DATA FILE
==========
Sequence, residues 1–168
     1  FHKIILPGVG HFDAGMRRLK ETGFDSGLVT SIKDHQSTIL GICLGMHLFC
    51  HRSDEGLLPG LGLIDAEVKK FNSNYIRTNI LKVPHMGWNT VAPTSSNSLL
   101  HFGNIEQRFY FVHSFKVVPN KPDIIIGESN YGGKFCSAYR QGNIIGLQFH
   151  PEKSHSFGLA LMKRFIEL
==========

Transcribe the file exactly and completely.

Sequence, residues 1–168
     1  FHKIILPGVG HFDAGMRRLK ETGFDSGLVT SIKDHQSTIL GICLGMHLFC
    51  HRSDEGLLPG LGLIDAEVKK FNSNYIRTNI LKVPHMGWNT VAPTSSNSLL
   101  HFGNIEQRFY FVHSFKVVPN KPDIIIGESN YGGKFCSAYR QGNIIGLQFH
   151  PEKSHSFGLA LMKRFIEL